Becoming an Outdoorswoman

A ladies’ weekend that gets a little wild

We looked like bundled-up surgeons huddled over outdoor operating tables somewhere in the Great North. In truth, we were gathered on a hunting preserve on Maryland’s Eastern Shore in the aftermath of a pesky snowfall. Having left a toasty hunting lodge, 14 other ladies and I were getting our penultimate lesson in becoming culinary outdoorswomen. Our challenge? Learn how to cut the breast from a duck that we had, in theory, shot in the marshes on this frosty February day.

Like most of our group, I had never hunted. I didn’t attend the Becoming an Outdoors-Woman workshop offered by the Maryland Department of Natural Resources to become a hunter necessarily. But if you’re going to eat wild game (which I love) I figure you owe it to yourself and your meal to understand and honor the entire process, including the messier parts that happen in the field in inclement weather.

Picking up a mallard hen and a sharp knife at one of the communal tables, I tried to follow lodge manager Vicky Mullaney’s instructions. Placing the duck on its back, I felt for its breastbone. My fingers numb with cold, I pulled the downy feathers away to reveal the protruding bone. It was surprisingly easy. Like plucking a leaky pillow. The field surgery proved a bit more challenging.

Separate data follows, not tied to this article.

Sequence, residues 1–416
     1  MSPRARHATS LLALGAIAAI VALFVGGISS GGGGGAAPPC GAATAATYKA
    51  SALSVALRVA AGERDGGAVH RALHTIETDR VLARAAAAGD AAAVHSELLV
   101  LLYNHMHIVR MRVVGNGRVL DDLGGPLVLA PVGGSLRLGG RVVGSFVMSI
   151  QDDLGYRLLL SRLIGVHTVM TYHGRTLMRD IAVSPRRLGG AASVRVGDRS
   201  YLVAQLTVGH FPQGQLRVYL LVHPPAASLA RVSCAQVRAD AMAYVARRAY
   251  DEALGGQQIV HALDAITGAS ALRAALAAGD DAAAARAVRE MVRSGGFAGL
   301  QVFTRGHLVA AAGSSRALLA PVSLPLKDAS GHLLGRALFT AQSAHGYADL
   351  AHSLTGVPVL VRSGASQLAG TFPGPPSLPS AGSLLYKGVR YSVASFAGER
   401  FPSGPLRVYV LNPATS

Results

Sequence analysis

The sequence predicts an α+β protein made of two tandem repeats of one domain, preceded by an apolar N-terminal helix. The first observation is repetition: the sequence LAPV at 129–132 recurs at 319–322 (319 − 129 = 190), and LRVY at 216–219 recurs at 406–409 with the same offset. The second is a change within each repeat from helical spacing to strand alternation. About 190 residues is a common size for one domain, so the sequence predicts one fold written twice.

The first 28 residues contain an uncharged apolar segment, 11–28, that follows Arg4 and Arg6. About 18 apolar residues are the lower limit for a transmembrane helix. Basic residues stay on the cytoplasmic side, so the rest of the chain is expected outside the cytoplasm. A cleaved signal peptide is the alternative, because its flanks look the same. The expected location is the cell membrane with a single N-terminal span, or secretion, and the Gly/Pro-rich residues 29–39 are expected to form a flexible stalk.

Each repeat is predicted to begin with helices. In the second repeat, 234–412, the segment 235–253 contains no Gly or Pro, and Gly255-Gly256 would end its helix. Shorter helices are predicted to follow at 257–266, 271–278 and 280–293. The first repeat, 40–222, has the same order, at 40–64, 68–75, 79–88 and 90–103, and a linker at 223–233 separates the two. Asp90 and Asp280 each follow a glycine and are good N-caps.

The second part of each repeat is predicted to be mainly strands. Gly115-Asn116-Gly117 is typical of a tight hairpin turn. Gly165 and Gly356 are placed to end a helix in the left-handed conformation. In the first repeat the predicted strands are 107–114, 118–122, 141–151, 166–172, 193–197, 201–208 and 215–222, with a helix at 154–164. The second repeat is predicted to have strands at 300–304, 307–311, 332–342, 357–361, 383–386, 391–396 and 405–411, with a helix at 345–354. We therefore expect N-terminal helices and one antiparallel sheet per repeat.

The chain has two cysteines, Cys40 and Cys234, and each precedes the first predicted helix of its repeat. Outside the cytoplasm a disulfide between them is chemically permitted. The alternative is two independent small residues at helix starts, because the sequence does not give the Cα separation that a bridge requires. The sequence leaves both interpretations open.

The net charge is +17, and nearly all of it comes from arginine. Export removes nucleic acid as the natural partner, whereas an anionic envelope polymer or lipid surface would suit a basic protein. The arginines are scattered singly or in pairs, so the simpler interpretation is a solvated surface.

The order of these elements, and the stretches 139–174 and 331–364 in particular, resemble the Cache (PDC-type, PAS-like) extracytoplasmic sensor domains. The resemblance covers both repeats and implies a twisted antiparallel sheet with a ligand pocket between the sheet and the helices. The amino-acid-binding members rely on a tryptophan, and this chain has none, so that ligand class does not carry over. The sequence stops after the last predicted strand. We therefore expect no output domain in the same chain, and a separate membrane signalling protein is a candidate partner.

With the hen’s breastbone cleaned of its surrounding fluff, I inserted the knife and cut down along the bone, beginning with the right half of the breast and then switching to the left. Reaching into the cavity, I pulled the dark red meat away from the bone and then carefully cut out each palm-sized chunk of breast.